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Kim Clijsters and SOS Children urge EU decision-makers to strengthen families and end child poverty

Kim Clijsters and SOS Children urge EU decision-makers to strengthen families and end child poverty

SOS Children organised two round tables called "Breaking the poverty cycle: Strengthening families and communities" in the European Parliament on November 18 and 19.

On the occasion of the Universal Day of Children on November 20, SOS Children organised two round tables entitled "Breaking the poverty cycle: Strengthening families and communities" in the European Parliament on November 18 and 19. Among many other participants were world-class tennis player and SOS Children's Villages Ambassador Kim Clijsters and her husband Brian Lynch who called for EU policy makers to continue to support families and fight child poverty.

In Europe, 20 million children are living at risk of poverty. On a global level, around 1.4 billion people live below the poverty line despite having a job. The current economic crisis means families and their children are even more vulnerable of becoming entrapped in the poverty cycle. Once this happens, many parents can not care adequately for their children anymore because they lack the financial means and material support. This often leads to children being separated from their families and placed in alternative care. In Europe, around one million children live in alternative care, 25,000 of them in institutions. In many cases, poverty was the main cause for the family breakup.

World-class tennis player Kim Clijsters and her husband Brian Lynch, parents of a three-year-old daughter themselves, joined the events organised by SOS Children and appealed to EU decision-makers to strengthen families and end child poverty. As Clijsters pointed out: "Children not growing up in a family, face a heightened risk of emotional insecurity, educational failure, abuse and violence. These are the harsh facts. Not only in third world countries, but also here in Europe. That’s why you’re here, at the very heart of the European Institutions, debating. That’s why we’re here, supporting your debate. It should be a basic right for every child to grow up in the warmth of a family.” The European Union was represented by Véronique de Keyser, Member of the European Parliament, and Philipp Courard, Belgian Secretary of State for Social Integration and Combating Poverty. Belgium holds the EU Presidency until the end of 2010.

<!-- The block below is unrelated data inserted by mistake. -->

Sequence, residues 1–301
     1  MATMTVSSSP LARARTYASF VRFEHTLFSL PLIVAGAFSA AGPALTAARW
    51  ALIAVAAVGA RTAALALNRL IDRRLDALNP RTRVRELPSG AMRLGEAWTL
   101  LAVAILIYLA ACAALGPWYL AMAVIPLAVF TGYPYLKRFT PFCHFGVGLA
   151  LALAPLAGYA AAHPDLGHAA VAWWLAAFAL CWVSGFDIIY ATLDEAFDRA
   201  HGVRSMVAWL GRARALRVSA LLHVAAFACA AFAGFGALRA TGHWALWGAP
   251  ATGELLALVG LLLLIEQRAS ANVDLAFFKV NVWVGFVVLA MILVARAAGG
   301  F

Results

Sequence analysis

The events also marked the 1st anniversary of the UN General Assembly officially welcoming the "Guidelines for the Alternative Care of Children". The guidelines define the crucial role of governments in preventing child abandonment and strengthening families, and demand that no child be separated from his/her parents due to poverty. Jan Jarab, Regional Representative of the UN High Commissioner for Human Rights, highlighted the role of the EU: "The European Union has to be a driving force in keeping families together and ending child poverty. All EU member states are urged to provide the necessary support and create the required structures in their countries". Jana Hainsworth, Secretary General of Eurochild, added: "This process should also take the views of children and families affected by poverty into account". How important it is to listen to children and their families became clear when a Belgian mother whose three children live in alternative care told her story: "We are not a file on your desk, we are not numbers. You need to listen to us, to our stories, to find solutions that really work."

Helmut Kutin, President of SOS Children's Villages, highlighted the urgency of this topic: "Strong children can only find a loving home in strong families, and families need our strong support, especially in this time of crisis. We don't just want to give children a future – children need a good present. The future starts today. Here. Now."